Saturday, February 13, 2010

Reviewing From Decades Past: 1970 - Pitchers

Starting pitching for the 1970 Cubs was decent, but the bullpen was a major weakness. There were cards for only seven Cubs pitchers. The team actually had 18 different hurlers make an appearance, which means lots of trades and rookies. That's not a good sign for a team that is supposed to contend for the division crown.


Fergie Jenkins
was the ace of the staff and had another outstanding season. He won at least 20 games for the fourth consecutive season, going 22-16. He also led the league with his 24 complete games.

Bill Hands followed up his 20 win 1969 season by going 18-15 in 1970. With Jenkins, he gave the Cubs a pretty decent 1-2 punch.

Ken Holtzman had a good season too, posting a 17-11 record. Between the top three starters, there were 114 starts and a 57-42 record. That means the rest of the staff was 27-36 and that, boys and girls, led to the demise of this team.

Rookie Joe Decker started the season as the fourth starter, but proved ineffective (2-7, 4.64 in 17 starts). In late June the Cubs purchased Milt Pappas from the Braves and put him into the #4 spot. He did a decent job, going 10-8 with a nice 2.68 ERA.


Ted Abernathy, with his submarine style motion, was traded in late June to the Cardinals for utility infielder Phil Gagliano.

Hank Aguirre made only 17 appearances and was released on July 6th. He never pitched in the majors again. He returned to the Cubs as a coach in 1972. His title was "Information and Services Coach," whatever that means!

Phil Regan was still the team's closer, but he was 9-12 with a 4.76 ERA. That is not good!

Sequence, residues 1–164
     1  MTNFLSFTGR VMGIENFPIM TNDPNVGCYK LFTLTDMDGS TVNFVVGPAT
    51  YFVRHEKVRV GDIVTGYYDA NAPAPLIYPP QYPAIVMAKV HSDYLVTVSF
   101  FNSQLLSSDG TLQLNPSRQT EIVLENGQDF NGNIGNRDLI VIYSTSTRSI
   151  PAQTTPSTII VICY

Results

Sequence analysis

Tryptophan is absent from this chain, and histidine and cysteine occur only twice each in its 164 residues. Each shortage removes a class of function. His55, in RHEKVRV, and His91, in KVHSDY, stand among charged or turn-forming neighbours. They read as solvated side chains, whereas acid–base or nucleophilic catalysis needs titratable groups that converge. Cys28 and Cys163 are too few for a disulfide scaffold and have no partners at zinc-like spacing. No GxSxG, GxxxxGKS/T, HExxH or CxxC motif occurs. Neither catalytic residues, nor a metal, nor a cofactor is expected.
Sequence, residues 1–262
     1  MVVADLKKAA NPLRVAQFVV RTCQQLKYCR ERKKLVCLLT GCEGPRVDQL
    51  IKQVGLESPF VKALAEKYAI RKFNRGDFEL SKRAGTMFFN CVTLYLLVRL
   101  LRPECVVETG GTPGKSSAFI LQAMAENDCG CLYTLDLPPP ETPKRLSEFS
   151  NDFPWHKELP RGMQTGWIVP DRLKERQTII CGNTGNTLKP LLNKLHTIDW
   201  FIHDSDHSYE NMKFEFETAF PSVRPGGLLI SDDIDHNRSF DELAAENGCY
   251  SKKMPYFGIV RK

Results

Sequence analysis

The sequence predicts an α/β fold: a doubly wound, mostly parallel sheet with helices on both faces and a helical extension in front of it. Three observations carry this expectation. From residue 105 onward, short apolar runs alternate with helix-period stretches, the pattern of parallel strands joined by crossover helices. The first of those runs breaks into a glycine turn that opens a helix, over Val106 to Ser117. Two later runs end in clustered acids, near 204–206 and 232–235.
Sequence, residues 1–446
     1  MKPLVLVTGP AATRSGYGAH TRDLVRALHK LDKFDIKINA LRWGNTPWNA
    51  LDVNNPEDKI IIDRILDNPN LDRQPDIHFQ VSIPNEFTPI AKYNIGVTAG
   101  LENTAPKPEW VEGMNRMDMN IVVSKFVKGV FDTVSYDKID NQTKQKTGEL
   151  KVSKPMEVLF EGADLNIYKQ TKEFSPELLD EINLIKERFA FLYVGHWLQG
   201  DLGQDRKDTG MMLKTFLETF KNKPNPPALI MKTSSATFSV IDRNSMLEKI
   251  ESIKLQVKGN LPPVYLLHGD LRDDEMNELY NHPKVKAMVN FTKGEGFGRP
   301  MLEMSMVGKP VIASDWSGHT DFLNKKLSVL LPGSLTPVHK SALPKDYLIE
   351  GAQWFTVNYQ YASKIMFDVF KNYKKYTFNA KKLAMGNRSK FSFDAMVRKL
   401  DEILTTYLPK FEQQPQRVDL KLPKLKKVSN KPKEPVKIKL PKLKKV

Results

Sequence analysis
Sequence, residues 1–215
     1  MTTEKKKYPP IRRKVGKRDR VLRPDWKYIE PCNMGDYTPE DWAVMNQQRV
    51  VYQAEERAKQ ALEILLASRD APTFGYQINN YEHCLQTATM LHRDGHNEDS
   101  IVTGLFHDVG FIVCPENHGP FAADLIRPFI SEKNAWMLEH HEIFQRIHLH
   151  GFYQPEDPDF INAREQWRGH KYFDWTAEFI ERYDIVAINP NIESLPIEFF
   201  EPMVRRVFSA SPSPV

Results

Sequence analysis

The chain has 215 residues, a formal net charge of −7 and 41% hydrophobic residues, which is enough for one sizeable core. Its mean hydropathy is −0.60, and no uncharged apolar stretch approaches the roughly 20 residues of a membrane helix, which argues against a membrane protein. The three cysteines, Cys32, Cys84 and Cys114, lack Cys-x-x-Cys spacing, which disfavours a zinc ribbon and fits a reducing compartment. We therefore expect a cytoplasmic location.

Jim Cosman got his own post here last year. He gave up three runs in his only appearance of the season, good enough for an ERA of 27.00. But I still like the guy!

Other players with Topps cards who pitched for the 1970 Cubs included these three veterans nearing the ends of their careers. Their records with the Cubs show just how near the end they were:

Steve Barber: 0-1, 5.93

Bob Miller: 0-0, 5.00

Hoyt Wilhelm: 0-1, 8.92

And there were a bunch of guys with no card:
Jim Colborn: 3-1. 3.59
Joe Decker: 2-7, 4.64
Jim Dunegan: 0-2, 4.73
Larry Gury: 1-3, 3.79
Juan Pizarro: 0-0, 4.60
Archie Reynolds: 0-2, 6.60
Roberto Rodriguez: 3-2, 5.82


  1. What a sad end to a great, long career for Wilhelm.

  2. I actually met Jim Dunegan a few times. He was working in a contstruction job in the Phoenix area in the late 70s. He was friends with my little league coach. Dunegan came out to a few of our practices. I didn't interact with him much -- he mostly talked with our pitchers. I had his 1971 Topps card. I wish I would have had him autograph it.